“Apps for Good” Al-Jazeera News TV interview about PKB

Al-Jazeera English recently recorded a series of episodes titled “Apps for Good”, about smartphone apps that do good in the world. So on Saturday, repeated during the news hours as part of the “Tapping into Technology” segment, Al-Jazeera aired this video:

I am still surprised by just how much effort goes into recording a two-minute TV segment.

5 comments

  1. Unfortunately patients do not know best, very few have the skills or knowledge to make informed decisions about their care. Wish you luck with your application but patient centric applications are very hard to launch and monetize.

    1. Lovely to hear from you David. You are right, at the moment, many patients do not know best. But when you do give a patient the records from all their medical providers, and explain these records to the patient, then the patient really does know best. This is what our software facilitates.

      You are also right that this is hard to launch, which is why it was so important to have an amazing team building the product. But once we did, we found lots of hospitals all over the world who wanted to pay for working with their patients in this way.

  2. This is a great and extremely ambitious project and noble goal. However, being in the medical field for many years, I think getting the records out of EMR systems is virtually impossible. This has nothing to do with technology and has everything to do with doctors themselves and only partially due to EMR vendors’ policies. But that’s only tip of an iceberg. The key here is “explaining these records to the patients”, I believe only the physician can do this. That’s why we have physicians and not patients healing themselves.. If you can solve these problems – it would be an amazing feat!
    -Steve

    1. Thanks for the kind words Steve and I agree with you about the difficulties about the getting the records out. Our software does explain parts of the record to the patient, e.g. layering on test results explanations from the Royal College of Pathologists designed for non-professionals. But more importantly, we do not have to explain the record for the record to be useful. As you say, the doctors and nurses sit down with the patient and explain the record. But once you have explained it to the patient, e.g. “We are monitoring your HbA1C so we can see how well-controlled your diabetes is”, the patient learns and applies. You do not have to explain HbA1C again, the patient and their family will watch the value and adjust their behaviour. And in time, the patient becomes the teacher, explaining to other clinicians what they have been taught, and pointing out to them the nuances of their record. What I am describing is not theoretical, it actually happens every day.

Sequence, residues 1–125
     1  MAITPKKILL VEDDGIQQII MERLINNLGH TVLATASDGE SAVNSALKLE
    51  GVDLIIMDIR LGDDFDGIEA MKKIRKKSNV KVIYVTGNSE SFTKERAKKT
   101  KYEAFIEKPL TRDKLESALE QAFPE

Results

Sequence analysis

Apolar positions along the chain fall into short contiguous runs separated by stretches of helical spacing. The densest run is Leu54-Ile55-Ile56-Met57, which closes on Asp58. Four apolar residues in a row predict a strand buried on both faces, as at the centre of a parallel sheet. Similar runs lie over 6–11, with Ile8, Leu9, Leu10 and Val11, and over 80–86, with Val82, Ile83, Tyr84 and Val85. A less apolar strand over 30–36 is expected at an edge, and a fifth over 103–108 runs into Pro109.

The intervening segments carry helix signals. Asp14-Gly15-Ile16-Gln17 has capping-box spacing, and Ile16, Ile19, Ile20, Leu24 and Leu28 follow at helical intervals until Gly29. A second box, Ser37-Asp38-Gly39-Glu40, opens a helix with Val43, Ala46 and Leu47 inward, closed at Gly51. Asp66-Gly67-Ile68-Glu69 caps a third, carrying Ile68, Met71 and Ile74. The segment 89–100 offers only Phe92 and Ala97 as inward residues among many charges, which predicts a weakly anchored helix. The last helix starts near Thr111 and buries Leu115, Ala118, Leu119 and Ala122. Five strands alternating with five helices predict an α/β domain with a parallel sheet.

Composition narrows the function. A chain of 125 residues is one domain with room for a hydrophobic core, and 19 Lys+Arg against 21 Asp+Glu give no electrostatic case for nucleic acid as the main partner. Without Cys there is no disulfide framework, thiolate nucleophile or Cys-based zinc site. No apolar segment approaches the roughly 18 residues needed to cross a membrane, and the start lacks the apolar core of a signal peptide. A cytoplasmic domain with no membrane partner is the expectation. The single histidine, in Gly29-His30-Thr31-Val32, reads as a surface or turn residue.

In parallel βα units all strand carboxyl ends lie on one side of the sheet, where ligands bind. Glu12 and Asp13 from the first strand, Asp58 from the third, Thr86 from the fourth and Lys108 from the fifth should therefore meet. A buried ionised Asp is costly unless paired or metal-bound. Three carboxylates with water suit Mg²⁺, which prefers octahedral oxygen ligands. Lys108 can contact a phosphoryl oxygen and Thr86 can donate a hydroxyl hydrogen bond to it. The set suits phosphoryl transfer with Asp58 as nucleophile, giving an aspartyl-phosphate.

3. This is a great and extremely ambitious project and a noble goal. However, being in the medical field for many years, I think getting the records out of EMR systems is virtually impossible. This has nothing to do with technology and has everything to do with doctors themselves and only partially due to EMR vendors\’ policies. But that\’s only tip of an iceberg. The key here is \”explaining these records to the patients\”, I believe only the physician can do this. That\’s why we have physicians and not patients healing themselves.. If you can solve these problems – it would be an amazing feat!
    -Steve

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